CATEGORY*: depends upon compound. Many pesticides are Endocrine disruptors, several are IARC probable or possible, some are NTP reasonably anticipated
USED IN: Agricultural and household pest control
Triazine Herbicides: Atrazine
Triazine herbicides are the most heavily used agricultural chemicals in the United States. Triazines include atrazine, simazine, propazine and cyanazine. Although all have been shown to cause mammary cancer in laboratory rats (O’Connor, 2000), there is relatively little scientific data exploring the relationship between simazine or cyanazine and human breast cancer. The literature on atrazine is more substantial.
Atrazine was banned in the European Union in 2005 because of its high presence in drinking water, its demonstrated harmful effects on wildlife, and its potential health effects in humans. Atrazine is, however, still approved for use in the United States. More than 75 million pounds of atrazine are applied annually in the United States, primarily to control broadleaf weeds in corn and sorghum crops in the Midwest (EPA, 2008).
Elevated levels of atrazine are found each spring and summer in both drinking water and groundwater in agricultural areas (Hua, 2006; Miller, 2000; Villanuaeva, 2005). Atrazine is a known endocrine disruptor, causing dramatic damage to reproductive structures in frogs, fish and other wildlife (Hayes, 2003; Rohr, 2009).
High levels of triazines (primarily atrazine) in contaminated waters have been associated with an increased risk of breast cancer (Kettles, 1997), although not all ecological studies support these findings (Hunter, 2008). Because these studies tend to compare countywide average levels of atrazine contamination and incidence rates, it is difficult to understand clearly the difference in results.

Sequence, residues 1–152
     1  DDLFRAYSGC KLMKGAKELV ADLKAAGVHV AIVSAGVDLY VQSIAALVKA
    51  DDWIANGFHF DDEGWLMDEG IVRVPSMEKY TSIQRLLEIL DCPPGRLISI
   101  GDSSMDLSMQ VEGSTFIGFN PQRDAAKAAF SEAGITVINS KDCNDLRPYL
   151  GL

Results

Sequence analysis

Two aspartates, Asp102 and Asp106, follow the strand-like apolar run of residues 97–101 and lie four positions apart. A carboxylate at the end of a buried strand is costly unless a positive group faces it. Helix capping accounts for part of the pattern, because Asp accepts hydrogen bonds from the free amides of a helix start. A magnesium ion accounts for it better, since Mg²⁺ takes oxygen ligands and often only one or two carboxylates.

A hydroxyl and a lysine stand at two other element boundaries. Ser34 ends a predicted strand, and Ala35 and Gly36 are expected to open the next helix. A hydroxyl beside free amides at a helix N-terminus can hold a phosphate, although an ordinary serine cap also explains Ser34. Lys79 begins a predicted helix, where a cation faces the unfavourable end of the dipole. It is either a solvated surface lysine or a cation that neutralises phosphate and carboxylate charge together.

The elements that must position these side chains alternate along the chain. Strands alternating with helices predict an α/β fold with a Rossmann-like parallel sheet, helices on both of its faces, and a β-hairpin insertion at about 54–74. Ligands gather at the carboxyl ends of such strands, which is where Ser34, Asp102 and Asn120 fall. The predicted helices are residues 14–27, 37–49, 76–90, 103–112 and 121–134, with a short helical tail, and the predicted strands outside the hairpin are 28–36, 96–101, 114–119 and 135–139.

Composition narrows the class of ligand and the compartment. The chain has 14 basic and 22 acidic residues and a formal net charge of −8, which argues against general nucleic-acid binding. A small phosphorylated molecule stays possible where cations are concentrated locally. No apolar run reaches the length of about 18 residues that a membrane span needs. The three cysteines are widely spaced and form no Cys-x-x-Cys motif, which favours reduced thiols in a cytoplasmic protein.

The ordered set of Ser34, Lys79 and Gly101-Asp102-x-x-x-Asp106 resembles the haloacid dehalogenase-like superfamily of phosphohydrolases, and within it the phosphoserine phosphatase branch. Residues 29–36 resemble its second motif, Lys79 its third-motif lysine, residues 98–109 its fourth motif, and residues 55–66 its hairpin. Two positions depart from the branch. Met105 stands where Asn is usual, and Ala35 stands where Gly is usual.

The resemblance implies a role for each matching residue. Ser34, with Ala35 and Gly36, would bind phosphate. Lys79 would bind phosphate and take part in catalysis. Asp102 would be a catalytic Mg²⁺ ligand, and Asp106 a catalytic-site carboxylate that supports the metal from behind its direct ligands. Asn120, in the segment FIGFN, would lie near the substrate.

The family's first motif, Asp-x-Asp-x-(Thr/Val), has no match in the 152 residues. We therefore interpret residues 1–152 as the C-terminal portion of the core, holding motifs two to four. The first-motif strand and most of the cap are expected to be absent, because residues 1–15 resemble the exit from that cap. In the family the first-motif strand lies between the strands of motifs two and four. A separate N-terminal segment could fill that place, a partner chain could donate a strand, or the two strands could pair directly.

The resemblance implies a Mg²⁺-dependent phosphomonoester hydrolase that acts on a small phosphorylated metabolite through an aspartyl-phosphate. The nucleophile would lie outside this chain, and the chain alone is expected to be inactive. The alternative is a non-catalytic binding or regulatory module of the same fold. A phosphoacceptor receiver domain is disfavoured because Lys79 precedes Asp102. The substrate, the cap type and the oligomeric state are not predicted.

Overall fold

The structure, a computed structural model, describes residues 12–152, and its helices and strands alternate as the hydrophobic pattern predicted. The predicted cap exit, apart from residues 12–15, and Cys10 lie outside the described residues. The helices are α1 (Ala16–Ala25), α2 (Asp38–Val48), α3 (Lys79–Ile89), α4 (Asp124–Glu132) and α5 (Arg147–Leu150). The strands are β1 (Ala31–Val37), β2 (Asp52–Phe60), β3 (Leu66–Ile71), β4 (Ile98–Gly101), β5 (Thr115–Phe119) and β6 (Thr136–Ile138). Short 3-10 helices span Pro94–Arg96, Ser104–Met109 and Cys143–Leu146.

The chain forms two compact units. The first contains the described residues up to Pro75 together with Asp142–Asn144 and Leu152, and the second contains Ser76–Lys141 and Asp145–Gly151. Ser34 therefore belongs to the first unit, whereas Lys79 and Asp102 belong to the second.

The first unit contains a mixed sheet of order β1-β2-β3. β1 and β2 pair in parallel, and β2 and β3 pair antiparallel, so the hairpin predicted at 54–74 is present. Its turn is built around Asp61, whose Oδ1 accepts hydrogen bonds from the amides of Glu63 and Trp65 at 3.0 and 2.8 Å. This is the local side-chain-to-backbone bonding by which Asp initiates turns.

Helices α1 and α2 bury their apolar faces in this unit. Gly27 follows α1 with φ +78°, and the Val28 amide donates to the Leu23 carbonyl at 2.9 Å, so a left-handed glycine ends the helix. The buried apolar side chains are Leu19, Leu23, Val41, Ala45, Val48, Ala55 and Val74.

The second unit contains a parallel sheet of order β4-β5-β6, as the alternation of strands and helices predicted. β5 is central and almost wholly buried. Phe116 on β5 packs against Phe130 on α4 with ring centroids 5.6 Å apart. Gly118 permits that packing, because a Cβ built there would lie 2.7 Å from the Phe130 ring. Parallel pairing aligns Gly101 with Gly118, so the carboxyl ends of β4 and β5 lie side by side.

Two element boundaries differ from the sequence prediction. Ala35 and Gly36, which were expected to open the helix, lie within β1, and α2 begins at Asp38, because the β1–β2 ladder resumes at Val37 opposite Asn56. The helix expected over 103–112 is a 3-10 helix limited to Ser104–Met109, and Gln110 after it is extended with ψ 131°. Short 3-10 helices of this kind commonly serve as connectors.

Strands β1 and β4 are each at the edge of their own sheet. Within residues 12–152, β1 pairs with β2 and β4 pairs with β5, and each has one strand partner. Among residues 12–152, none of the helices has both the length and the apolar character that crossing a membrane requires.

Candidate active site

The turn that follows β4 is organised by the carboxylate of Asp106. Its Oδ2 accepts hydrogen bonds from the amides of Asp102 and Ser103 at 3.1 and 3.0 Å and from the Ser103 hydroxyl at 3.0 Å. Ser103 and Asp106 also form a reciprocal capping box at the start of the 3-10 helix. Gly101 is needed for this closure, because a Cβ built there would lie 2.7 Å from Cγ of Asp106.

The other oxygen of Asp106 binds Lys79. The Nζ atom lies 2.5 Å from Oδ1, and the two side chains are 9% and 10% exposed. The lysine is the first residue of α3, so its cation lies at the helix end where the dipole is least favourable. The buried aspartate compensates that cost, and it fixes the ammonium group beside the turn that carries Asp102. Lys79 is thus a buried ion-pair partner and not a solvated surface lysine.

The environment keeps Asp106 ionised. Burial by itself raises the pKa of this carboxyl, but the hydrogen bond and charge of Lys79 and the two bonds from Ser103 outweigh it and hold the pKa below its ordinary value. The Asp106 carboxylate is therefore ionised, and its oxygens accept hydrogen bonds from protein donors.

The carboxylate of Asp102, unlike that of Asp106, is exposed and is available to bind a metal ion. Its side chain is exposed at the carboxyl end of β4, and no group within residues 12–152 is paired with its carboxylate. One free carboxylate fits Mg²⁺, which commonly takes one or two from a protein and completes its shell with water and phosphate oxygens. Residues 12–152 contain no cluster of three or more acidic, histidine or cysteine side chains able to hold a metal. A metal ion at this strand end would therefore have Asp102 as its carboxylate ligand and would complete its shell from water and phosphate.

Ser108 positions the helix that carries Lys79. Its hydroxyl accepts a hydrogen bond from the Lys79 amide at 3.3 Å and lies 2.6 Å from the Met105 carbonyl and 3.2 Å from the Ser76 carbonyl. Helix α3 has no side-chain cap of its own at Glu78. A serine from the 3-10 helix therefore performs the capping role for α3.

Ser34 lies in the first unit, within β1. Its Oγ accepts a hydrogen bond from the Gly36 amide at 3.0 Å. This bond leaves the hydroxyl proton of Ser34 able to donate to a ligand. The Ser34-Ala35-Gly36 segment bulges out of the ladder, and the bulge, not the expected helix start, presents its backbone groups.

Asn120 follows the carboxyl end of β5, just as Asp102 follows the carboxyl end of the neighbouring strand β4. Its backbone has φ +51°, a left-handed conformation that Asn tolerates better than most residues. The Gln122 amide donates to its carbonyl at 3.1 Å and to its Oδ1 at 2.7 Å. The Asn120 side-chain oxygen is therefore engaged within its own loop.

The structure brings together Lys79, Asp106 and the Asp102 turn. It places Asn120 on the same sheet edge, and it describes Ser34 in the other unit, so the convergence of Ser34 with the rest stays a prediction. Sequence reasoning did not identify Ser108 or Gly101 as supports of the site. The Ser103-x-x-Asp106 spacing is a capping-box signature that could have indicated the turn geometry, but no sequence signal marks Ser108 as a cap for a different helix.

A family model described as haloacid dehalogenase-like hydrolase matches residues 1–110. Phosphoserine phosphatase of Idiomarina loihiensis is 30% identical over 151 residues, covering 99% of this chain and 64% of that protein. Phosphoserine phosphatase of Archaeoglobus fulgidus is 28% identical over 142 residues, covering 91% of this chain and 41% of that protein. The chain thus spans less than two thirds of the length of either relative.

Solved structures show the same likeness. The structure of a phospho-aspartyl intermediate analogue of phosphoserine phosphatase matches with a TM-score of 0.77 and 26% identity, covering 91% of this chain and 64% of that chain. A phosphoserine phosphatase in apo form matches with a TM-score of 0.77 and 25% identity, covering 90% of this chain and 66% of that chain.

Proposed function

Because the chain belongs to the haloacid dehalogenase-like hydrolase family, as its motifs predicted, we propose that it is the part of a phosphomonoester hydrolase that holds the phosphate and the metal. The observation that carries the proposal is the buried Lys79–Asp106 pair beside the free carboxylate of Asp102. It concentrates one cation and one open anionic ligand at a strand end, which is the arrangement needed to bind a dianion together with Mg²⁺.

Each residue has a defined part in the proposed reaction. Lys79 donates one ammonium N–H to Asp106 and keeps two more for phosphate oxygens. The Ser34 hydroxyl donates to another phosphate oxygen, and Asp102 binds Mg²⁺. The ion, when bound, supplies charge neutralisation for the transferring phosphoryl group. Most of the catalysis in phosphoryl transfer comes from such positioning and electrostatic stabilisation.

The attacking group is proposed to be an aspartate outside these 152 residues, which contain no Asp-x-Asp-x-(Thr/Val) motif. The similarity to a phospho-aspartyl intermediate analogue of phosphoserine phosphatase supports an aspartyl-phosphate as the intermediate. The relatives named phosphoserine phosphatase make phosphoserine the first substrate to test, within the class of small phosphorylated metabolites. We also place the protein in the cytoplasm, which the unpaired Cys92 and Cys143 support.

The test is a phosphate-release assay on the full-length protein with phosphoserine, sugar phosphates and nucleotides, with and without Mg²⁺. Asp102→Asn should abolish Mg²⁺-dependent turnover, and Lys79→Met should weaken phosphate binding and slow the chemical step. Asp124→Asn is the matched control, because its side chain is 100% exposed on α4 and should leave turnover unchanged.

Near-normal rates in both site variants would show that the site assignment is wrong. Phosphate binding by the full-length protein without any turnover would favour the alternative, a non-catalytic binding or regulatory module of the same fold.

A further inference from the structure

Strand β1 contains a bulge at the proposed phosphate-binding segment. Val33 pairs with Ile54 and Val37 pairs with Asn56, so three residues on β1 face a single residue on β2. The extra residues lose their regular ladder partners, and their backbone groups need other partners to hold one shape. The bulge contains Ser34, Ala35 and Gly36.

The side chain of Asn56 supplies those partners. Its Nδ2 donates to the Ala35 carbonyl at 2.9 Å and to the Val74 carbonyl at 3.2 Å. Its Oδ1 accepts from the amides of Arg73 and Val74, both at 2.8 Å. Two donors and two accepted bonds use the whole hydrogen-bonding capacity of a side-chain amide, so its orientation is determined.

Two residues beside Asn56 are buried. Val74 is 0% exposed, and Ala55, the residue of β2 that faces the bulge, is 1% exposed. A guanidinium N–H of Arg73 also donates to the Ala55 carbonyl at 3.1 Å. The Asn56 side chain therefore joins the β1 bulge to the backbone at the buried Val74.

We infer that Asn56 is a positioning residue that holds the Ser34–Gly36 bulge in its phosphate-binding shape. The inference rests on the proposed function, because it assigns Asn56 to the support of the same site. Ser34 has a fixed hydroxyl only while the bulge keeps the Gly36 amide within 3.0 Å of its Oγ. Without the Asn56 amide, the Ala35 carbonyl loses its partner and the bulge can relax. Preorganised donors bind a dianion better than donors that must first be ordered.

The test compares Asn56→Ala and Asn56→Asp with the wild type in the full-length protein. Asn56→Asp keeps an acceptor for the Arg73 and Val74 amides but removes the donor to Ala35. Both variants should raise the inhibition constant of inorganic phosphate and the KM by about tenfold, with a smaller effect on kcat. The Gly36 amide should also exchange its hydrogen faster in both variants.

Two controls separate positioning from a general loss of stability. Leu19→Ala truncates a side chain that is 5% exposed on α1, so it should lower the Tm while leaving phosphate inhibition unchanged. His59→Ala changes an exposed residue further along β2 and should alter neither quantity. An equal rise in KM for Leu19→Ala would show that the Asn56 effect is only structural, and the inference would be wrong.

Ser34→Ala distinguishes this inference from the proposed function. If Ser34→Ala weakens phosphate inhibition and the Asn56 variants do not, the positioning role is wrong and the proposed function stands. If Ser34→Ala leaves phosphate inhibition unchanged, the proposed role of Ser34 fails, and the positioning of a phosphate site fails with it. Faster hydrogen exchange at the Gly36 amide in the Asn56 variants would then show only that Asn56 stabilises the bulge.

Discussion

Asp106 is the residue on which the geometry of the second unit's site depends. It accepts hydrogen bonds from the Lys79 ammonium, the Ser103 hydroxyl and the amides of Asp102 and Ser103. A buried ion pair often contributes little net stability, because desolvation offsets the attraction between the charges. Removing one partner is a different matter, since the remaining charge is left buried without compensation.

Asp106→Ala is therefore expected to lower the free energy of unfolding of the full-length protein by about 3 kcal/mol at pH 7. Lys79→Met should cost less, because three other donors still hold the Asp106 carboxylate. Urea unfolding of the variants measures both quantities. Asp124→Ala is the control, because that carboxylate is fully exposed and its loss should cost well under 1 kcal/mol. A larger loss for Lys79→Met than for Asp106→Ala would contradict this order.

Research in rodents has shown that atrazine exposure disrupts pituitary-ovarian function, resulting in decreases in circulating prolactin and luteinizing hormone levels, changes that contribute to the effects of this herbicide on increases in mammary tumors (Cooper, 2000; O’Connor, 2000). Atrazine also exerts endocrine-disrupting effects by increasing the activity of the enzyme aromatase (Fan, 2007; Sanderson, 2001), an enzyme that catalyzes (facilitates) the conversion of testosterone and other androgens to estrogens, including estradiol. Androgens are found naturally in women, although at lower levels than in men. The production of estrogens through the aromatase pathway, however, is of sufficient importance in the etiology of breast cancer that a current class of breast cancer drugs aims specifically to block the activity of aromatase.
Exposure to atrazine or mixtures of atrazine metabolites during gestation delays development of the rat mammary gland in puberty, widening the window of sensitivity to breast carcinogens (Enoch, 2007; Raynor, 2005). Similarly, exposure of rats late in pregnancy to a mixture of commonly formed metabolites of atrazine also leads to persistent changes in mammary gland development in pups exposed during gestation. These abnormalities persist into adulthood (Enoch, 2007). Exposure of rats with existing mammary tumors to atrazine increases the rate of cell proliferation in those tumors (Ueda, 2005).
Heptachlor is an insecticide that was widely used in the United States throughout the 1980s, especially for termite control. In 1988, the U.S. EPA restricted use of heptachlor to certain applications for controlling fire ants, but agricultural use continued until 1993 because growers were allowed to use up existing stocks (Siegel, 1995). Heptachlor use was particularly high in Hawaii, where it was employed extensively on pineapple crops and consequently contaminated both local agricultural crops and dairy supplies. Breast cancer rates in Hawaii have increased dramatically for women of all ethnic groups over the past four decades (Maskarinec, 2006).
Heptachlor still contaminates both soil and humans. Its breakdown product, heptachlor epoxide (HE), is known to accumulate in fat, including breast tissue. Levels are highest in women ages 20 and older, but HE is also found in the bodies of adolescents 12 to 19 years old (CDC, 2005). Although HE does not act like estrogen, it affects the way the liver processes the hormones, thereby allowing levels of circulating estrogens to rise and increasing breast cancer risk. HE also has been shown to disrupt cell-to-cell communication in human breast cells in tissue culture (Dich, 1997) and to increase production of nitric oxide, a chemical that is found naturally in cells and is known to cause damage to DNA (Cassidy, 2005).